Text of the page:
- Obama not worried about Ebola at upcoming African summit in D.C.
- Obama: ‘We tortured some folks’ after 9/11
- Obama administration asked whole D.C. Circuit to take on major Obamacare case
- Mark Levin: Topple GOP leadership or country will ‘unravel’
- Massachusetts to let police chief deny gun buys to those deemed unfit
- John Kerry condemns attack on Israeli soldiers, kidnapping
- U.S. starts to evacuate American Ebola patients from West Africa: Report
- Geraldo slammed as ‘dummy’ for backing Clinton’s bin Laden claim
- Israeli spokesman: No need to debate who broke the cease-fire
- 35 Palestinians killed; Israeli officer missing
Morsi aide raises ire at Brotherhood
Friends, foes alike take issue with remarks on TV about Egyptian Jews
Question of the Day
A leading Muslim Brotherhood member and adviser to Islamist President Mohammed Morsi created a stir in Egypt when he called on Egyptian Jews in Israel to return home because Egypt is now a democracy and because the Jewish state won’t survive.
Some denounced the Brotherhood for trying to put up a veneer of tolerance by inviting Jews to return while Egypt’s other religious minorities, particularly Christians, increasingly are worried about persecution under the new Islamist rulers and an Islamist-slanted constitution.
Others saw the comments as a sort of outreach to Zionists, considered the enemy, and as a new example of how the Brotherhood has had a hard time melding its longtime anti-Israeli and anti-Jewish rhetoric with its new responsibilities since coming to power.
Under Mr. Morsi — who hails from the Brotherhood — the government has continued cooperation with Israel and upheld the two countries’ peace deal. Mr. Morsi in November helped mediate a cease-fire between Israel and Hamas, the Islamist terrorist group that governs the Gaza Strip.
Some warned that Mr. el-Erian was opening the door for Egyptian Jews to demand compensation for property taken from them or left behind in Egypt and could even undermine the Palestinians’ right to return to homes in Israel.
Still others were simply outraged that a Brotherhood official would invite back Jews, and one hard-line Islamist politician threatened any Jews who come back.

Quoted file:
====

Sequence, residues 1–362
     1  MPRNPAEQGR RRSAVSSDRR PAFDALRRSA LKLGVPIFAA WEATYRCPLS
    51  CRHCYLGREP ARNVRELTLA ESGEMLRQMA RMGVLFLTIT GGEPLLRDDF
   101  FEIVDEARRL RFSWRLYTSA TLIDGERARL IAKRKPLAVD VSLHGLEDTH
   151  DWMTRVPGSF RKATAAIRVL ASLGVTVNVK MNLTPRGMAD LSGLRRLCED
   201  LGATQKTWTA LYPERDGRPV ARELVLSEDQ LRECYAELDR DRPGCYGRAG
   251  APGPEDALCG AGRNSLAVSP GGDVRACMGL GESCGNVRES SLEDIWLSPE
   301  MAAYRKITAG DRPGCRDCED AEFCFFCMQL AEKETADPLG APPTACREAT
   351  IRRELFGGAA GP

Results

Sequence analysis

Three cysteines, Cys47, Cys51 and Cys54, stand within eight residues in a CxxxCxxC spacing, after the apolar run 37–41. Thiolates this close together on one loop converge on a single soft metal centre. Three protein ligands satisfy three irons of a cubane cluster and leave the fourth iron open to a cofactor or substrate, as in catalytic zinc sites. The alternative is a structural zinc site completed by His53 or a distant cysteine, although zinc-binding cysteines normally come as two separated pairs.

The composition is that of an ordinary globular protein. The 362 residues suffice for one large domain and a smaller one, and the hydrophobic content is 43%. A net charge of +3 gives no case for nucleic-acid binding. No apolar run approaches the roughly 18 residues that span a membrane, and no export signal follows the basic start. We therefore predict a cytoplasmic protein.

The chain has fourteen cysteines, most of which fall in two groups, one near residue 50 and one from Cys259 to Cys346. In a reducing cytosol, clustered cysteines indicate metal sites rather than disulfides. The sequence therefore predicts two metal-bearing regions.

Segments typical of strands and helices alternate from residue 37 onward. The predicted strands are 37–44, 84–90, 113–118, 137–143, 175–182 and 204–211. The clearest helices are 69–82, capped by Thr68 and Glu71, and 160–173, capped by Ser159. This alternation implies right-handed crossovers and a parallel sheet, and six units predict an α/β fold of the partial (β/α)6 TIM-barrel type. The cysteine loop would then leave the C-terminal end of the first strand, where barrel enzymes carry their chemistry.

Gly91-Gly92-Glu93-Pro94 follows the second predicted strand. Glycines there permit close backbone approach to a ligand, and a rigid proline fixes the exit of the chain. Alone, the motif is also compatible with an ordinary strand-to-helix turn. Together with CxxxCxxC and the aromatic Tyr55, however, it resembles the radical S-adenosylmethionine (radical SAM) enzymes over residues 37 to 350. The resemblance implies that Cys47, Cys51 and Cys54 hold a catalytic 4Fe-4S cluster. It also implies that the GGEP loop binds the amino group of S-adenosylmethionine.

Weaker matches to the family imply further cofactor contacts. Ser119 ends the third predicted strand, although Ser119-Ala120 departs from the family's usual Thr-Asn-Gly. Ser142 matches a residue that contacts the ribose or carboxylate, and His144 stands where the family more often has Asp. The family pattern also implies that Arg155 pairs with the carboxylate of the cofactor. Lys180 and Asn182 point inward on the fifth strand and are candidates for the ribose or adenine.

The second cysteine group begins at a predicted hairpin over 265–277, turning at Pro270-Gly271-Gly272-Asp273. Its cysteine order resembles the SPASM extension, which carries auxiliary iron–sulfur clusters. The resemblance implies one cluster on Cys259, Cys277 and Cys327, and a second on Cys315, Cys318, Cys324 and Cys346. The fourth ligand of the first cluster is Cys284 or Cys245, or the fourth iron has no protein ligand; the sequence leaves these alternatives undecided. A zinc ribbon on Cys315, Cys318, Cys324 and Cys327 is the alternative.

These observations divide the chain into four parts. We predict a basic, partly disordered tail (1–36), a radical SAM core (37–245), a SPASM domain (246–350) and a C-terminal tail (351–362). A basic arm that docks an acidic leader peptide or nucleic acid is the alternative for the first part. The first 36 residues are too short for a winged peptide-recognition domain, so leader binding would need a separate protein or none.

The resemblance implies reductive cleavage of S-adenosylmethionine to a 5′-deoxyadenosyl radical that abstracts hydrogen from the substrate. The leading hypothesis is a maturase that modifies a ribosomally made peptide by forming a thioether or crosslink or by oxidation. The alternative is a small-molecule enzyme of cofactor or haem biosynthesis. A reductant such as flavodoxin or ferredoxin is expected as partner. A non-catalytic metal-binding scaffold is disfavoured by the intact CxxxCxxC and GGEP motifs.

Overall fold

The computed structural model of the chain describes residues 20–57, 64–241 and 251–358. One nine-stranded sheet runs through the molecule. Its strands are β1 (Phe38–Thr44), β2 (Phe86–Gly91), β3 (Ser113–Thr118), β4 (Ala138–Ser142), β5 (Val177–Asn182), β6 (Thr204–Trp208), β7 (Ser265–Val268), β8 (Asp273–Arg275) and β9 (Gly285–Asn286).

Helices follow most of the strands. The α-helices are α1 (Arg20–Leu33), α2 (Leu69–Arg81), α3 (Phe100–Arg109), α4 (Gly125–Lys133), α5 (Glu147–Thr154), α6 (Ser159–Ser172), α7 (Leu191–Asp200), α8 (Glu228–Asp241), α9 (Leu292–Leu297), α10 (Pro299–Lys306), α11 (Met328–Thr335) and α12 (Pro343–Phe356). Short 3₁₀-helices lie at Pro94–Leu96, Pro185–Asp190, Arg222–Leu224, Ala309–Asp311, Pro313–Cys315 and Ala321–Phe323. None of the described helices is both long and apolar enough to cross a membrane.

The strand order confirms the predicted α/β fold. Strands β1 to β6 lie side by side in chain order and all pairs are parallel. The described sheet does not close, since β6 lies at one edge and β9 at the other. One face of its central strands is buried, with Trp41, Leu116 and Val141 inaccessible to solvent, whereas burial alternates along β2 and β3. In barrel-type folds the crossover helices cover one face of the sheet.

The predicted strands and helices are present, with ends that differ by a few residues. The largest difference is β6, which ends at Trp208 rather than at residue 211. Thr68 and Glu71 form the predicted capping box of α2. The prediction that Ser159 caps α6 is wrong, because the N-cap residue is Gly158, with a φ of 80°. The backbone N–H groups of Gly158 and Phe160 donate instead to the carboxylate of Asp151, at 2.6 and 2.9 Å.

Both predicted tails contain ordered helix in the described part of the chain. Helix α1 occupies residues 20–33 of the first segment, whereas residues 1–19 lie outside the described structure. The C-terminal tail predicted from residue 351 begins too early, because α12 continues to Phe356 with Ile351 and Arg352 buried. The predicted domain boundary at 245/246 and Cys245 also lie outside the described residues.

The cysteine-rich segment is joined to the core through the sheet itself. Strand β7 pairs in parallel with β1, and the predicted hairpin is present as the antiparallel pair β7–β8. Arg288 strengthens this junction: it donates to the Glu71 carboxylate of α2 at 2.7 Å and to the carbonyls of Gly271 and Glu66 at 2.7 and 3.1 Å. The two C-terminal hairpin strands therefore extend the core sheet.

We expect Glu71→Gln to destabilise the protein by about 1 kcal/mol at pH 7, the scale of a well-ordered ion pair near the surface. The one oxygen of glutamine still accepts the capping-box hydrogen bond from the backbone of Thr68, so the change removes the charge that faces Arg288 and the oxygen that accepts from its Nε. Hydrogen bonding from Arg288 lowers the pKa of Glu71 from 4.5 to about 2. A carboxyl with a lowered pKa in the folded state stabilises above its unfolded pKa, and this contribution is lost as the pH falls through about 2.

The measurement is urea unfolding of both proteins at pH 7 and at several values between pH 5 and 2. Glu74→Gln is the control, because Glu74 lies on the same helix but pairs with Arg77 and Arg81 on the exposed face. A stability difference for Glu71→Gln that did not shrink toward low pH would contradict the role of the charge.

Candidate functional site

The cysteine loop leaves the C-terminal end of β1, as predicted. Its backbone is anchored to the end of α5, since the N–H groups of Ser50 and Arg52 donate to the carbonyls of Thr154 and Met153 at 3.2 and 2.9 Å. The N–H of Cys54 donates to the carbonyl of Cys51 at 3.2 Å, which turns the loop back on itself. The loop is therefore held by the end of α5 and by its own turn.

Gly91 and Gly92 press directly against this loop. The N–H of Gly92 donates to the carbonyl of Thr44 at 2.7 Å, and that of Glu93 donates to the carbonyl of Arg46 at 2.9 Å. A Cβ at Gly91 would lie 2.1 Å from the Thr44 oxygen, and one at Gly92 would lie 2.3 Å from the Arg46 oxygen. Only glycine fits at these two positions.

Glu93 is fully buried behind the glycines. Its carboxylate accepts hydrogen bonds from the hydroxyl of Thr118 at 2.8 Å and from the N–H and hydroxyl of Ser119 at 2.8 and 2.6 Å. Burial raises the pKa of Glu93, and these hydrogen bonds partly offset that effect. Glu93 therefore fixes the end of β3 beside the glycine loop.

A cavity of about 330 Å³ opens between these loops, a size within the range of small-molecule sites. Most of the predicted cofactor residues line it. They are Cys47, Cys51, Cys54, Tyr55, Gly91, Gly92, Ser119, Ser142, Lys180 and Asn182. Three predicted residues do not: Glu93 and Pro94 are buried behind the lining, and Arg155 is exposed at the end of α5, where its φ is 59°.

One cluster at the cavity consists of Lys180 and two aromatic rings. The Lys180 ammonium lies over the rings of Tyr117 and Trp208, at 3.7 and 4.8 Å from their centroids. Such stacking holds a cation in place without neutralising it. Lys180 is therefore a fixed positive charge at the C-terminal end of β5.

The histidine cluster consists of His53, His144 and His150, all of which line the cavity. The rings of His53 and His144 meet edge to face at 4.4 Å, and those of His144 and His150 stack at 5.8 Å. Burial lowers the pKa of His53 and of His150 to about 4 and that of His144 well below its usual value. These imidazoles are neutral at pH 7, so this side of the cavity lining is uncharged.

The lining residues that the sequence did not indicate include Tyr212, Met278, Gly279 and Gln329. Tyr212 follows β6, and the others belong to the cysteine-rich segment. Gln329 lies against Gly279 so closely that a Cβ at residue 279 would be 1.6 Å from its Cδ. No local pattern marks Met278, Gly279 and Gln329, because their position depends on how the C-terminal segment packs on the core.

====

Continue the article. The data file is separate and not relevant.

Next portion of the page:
And there were a few voices calling for Egypt to sincerely look at past treatment of its Jewish community — including why they left or were expelled — and whether they should have the right to return.
The Jewish diaspora
Speaking on private ONTV, historian Khaled Fahmy suggested taking Mr. el-Erian’s comments at face value.
“I am taking the call seriously,” he said. “I would like to see it in part as respectable, as addressing morals and high principles.”
Mr. Fahmy said Egyptians should talk about the past “harm to Egyptian Jews” and consider them as still having Egyptian nationality. “I wish this was put to a public discussion,” he said.
TWT Video Picks
By Orrin G. Hatch
Procedural changes impede the chamber's traditional deliberative function
- U.N. condemns Israel, U.S. for not sharing Iron Dome with Hamas
- Border agents cleared of civil rights complaints from illegal immigrant children
- Obama military strategy too weak for future security, panel reports
- Ben Carson takes major step toward presidential campaign
- Porn-surfing feds blame boredom, lack of work for misbehavior
- Feds raid S.C. home to seize Land Rover in EPA emission-control crackdown
- CRUZ: A tale of two hospitals: One in Israel, one in Gaza
- House backs faster deportations, cancels 'Dreamer' policy
- Ted Nugent slams 'lying freaks' at liberal media: I'm 'doing God's work'
- HATCH: Destroying the Senate and our liberties
Top 10 U.S. military helicopters
Obama's biggest White House 'fails'
Celebrities turned politicians
Athletes turned actors